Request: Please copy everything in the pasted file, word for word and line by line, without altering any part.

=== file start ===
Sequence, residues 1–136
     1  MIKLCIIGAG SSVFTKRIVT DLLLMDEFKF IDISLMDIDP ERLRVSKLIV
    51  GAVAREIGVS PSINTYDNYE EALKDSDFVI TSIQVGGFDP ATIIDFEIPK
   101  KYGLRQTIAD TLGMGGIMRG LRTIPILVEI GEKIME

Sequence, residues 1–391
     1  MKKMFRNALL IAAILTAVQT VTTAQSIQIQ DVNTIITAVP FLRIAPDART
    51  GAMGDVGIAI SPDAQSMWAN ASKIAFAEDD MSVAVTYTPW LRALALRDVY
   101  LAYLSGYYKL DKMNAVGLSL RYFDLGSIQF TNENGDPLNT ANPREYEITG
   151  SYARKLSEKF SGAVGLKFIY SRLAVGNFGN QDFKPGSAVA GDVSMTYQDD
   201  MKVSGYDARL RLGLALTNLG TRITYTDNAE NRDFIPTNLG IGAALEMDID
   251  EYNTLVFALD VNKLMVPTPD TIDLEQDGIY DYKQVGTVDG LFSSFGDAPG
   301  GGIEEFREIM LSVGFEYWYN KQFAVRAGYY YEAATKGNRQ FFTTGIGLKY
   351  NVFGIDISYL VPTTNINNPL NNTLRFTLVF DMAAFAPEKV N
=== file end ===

Sequence, residues 1–136
     1  MIKLCIIGAG SSVFTKRIVT DLLLMDEFKF IDISLMDIDP ERLRVSKLIV
    51  GAVAREIGVS PSINTYDNYE EALKDSDFVI TSIQVGGFDP ATIIDFEIPK
   101  KYGLRQTIAD TLGMGGIMRG LRTIPILVEI GEKIME

Sequence, residues 1–391
     1  MKKMFRNALL IAAILTAVQT VTTAQSIQIQ DVNTIITAVP FLRIAPDART
    51  GAMGDVGIAI SPDAQSMWAN ASKIAFAEDD MSVAVTYTPW LRALALRDVY
   101  LAYLSGYYKL DKMNAVGLSL RYFDLGSIQF TNENGDPLNT ANPREYEITG
   151  SYARKLSEKF SGAVGLKFIY SRLAVGNFGN QDFKPGSAVA GDVSMTYQDD
   201  MKVSGYDARL RLGLALTNLG TRITYTDNAE NRDFIPTNLG IGAALEMDID
   251  EYNTLVFALD VNKLMVPTPD TIDLEQDGIY DYKQVGTVDG LFSSFGDAPG
   301  GGIEEFREIM LSVGFEYWYN KQFAVRAGYY YEAATKGNRQ FFTTGIGLKY
   351  NVFGIDISYL VPTTNINNPL NNTLRFTLVF DMAAFAPEKV N